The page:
Read enough Internet message boards and you can become easily convinced that University of Tennessee football's Lane Train is already a runaway wreck.
The vast majority of Southeastern Conference football fans apparently believe that Lane Kiffin is either an in-over-his-head neophyte or an under-the-table Neanderthal. Neither assessment would seem to bode well for the Vols' future success.
And perhaps he is. Time always tells. But what if he's crazy ... like a fox? What if there is much method in this seeming madness of annoying every SEC rival to the point of distraction?
What if the 33-year-old Kiffin really is a Boy Wonder rather than Boy Blunder, as one of my esteemed colleagues in Memphis recently tabbed him?
If your hair is edged with gray and your stomach a tad soft you are almost certainly angered, embarrassed, befuddled, or all three, over Kiffin's gonzo, in-your-face style during his first 10 weeks on the job.
Wrongly accusing Florida coach Urban Meyer of cheating before you've won a single college game certainly isn't a smart recipe for winning friends or influencing people in a positive way.
And it's light years removed from the poor-mouth coaching style of the Mount Rushmore of SEC coaches - Bear Bryant, General Robert Neyland, Shug Jordan and John Vaught..
Even South Carolina's Steve Spurrier - long the mouth of the South - looks old-school next to Kiffin.
But that's the point. This isn't a guy without a clue. This is a guy who just really might have all the answers to building a championship program in the 21st century.
"Every coach I considered could get us eight, nine, 10 wins a year," said UT athletic director Mike Hamilton last week. "But Lane was the one guy I felt had a plan to get us 12 or 13 wins and a shot at a national championship. I just thought he was unique."
Maybe that's why Kiffin will return to Pahokee (Fla.) High to recruit junior wide receiver De'Joshua Johnson. This despite the firestorm surrounding his recent signing of fellow Pahokee product Nu'Keese Richardson. Richardson was the player whose prep coach - Blaze Thompson - Kiffin implied tried to keep the player from going to UT.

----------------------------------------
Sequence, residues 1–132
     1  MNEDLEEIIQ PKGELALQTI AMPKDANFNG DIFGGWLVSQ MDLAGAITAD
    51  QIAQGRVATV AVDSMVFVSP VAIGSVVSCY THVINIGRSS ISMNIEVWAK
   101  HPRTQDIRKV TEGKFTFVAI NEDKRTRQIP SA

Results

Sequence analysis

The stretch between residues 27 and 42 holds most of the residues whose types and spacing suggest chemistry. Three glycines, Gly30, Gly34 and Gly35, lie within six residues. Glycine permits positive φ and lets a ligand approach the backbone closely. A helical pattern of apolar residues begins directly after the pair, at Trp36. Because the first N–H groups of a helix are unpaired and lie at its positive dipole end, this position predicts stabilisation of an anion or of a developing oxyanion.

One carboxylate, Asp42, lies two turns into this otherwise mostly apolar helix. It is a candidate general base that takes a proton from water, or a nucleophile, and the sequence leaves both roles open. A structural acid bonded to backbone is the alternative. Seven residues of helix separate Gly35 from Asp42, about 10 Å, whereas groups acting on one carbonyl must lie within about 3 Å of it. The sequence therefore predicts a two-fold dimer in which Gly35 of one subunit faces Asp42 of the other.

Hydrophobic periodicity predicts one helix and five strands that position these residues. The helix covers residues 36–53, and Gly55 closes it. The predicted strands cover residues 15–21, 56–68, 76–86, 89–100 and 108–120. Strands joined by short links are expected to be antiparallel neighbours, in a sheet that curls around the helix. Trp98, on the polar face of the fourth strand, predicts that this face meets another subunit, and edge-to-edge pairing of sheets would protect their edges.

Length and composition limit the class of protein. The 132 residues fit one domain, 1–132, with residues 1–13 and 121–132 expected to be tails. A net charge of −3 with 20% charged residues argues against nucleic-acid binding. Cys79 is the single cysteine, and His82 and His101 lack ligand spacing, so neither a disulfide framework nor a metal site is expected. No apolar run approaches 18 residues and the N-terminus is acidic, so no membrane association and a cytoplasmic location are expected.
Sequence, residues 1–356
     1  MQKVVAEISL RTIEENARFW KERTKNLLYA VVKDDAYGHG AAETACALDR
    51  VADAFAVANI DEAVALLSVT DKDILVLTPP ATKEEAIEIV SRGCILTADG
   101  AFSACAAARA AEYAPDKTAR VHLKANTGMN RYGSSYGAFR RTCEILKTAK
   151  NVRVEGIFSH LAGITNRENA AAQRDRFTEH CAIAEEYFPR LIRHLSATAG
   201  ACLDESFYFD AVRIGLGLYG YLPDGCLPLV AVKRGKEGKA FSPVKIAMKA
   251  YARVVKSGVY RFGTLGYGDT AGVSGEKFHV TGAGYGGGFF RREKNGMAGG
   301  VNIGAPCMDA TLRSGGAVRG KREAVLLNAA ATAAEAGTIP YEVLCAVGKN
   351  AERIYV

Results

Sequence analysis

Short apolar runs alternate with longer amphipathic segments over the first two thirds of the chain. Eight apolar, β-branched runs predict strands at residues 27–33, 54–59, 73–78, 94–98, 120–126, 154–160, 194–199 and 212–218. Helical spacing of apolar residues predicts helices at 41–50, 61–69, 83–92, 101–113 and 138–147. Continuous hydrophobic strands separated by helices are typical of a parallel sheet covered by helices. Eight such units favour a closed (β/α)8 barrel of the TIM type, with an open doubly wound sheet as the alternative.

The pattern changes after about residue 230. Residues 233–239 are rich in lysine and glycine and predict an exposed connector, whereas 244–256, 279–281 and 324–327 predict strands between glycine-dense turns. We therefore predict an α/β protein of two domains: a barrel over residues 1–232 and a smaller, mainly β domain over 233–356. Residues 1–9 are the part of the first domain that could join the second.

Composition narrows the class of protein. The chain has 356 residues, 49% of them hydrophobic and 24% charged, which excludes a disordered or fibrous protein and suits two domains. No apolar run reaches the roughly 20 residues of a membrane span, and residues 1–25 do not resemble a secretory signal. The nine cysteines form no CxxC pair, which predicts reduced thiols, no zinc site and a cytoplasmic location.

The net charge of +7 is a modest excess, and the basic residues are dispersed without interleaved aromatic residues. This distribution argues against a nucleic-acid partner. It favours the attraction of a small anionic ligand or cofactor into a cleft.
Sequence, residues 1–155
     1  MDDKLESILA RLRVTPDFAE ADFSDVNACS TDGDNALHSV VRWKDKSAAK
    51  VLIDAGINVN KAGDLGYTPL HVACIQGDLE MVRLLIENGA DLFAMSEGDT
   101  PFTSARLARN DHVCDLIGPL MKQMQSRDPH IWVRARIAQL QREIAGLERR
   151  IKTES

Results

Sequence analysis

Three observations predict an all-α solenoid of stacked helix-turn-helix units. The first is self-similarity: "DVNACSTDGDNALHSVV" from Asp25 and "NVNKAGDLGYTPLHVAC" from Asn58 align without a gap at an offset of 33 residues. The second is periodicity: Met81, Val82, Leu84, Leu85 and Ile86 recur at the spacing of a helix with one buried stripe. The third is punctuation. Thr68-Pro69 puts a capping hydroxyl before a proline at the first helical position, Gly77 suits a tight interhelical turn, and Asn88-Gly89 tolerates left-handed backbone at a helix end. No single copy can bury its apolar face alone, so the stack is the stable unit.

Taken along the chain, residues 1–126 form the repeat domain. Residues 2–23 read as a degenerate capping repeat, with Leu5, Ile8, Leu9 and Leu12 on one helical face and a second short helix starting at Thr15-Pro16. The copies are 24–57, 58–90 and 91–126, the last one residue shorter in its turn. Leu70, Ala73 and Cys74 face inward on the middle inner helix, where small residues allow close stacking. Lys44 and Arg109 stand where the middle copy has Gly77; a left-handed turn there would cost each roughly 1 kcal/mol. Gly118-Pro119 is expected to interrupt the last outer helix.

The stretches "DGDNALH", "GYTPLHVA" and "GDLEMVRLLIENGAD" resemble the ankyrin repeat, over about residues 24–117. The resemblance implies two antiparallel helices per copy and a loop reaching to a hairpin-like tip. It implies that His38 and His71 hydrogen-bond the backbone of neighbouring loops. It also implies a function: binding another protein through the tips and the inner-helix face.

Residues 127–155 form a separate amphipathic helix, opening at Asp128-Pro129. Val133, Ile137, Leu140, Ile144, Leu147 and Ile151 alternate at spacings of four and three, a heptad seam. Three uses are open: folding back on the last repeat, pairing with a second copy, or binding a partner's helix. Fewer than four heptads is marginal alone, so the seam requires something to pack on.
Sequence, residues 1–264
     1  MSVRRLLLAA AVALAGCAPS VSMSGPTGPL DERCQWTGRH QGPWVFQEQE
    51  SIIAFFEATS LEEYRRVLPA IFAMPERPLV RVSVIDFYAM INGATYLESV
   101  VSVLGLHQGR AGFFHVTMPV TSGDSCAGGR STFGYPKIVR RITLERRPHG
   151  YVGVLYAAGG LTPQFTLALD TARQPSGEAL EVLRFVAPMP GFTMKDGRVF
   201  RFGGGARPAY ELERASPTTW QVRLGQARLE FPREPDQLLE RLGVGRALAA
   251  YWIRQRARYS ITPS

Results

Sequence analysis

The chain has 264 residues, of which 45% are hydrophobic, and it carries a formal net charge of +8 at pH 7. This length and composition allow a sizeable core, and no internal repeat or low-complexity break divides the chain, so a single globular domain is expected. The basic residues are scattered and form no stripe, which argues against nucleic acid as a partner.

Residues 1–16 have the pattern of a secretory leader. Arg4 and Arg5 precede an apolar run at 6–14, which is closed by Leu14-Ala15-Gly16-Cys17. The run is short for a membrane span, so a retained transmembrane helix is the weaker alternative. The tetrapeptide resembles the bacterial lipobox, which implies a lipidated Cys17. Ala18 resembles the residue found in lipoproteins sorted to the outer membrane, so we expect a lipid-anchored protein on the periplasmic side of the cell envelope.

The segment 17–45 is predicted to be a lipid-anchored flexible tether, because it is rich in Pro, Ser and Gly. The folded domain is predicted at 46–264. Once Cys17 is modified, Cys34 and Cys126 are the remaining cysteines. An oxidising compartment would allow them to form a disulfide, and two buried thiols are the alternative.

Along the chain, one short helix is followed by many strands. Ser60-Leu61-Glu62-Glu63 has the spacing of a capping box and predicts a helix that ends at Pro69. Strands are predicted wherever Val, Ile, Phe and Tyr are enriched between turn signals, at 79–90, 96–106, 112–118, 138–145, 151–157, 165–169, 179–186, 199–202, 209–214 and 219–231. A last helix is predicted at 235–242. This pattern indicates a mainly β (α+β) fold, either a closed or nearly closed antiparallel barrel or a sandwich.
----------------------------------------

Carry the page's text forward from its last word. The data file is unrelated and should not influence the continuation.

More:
Nevertheless, Johnson told a web site devoted to Big Orange athletics on Wednesday: "I'm open to Tennessee. I heard about the comments that he made and I'm going to talk to him about it, but Tennessee's a good school."
Kiffin is doing such a good job of recruiting that running back Bryce Brown, arguably the nation's top unsigned prospect, said of his trip to UT this past weekend: "I had a great visit. I had a chance to meet with Coach Kiffin and had a lot of one-on-one time with him."
And if the coach breaks a few secondary rules along the way, so what? Did anyone make him stop recruiting those players? He knows exactly what he's doing. He's pushing the envelope to its limits and until the NCAA pushes back harder than a slap on the wrist, he knows the Vols will get their recruit more times than not.
Moreover, does anyone really believe that Southern Cal coach Pete Carroll would have made Kiffin his recruiting coordinator if he didn't know the rules? He knows them well enough to know how to get around a few of them, which, sadly, is a huge key to winning at the BCS level.
But don't listen to me. Listen to Kiffin.
In an interview with the Knoxville News Sentinel last week he said the negative publicity concerning some of his words and actions, "Has helped a lot. For our program to be in the news so much now, not just locally but nationally. For the players that we need to recruit ... seeing our colors and logos, it helps us out tremendously down the road."
The NCAA could change this, of course. They could begin to ban schools from recruiting players where a secondary violation surfaces that isn't accidental. Blackball a few schools from recruiting the Next Big Thing and much of this would stop.
But unless or until that happens, the hunch here is that college football fans would be wise to either climb aboard the Lane Train or get out of its way. Because Kiffin doesn't appear likely to slow down for anyone or anything in his path.
E-mail Mark Wiedmer at email@example.com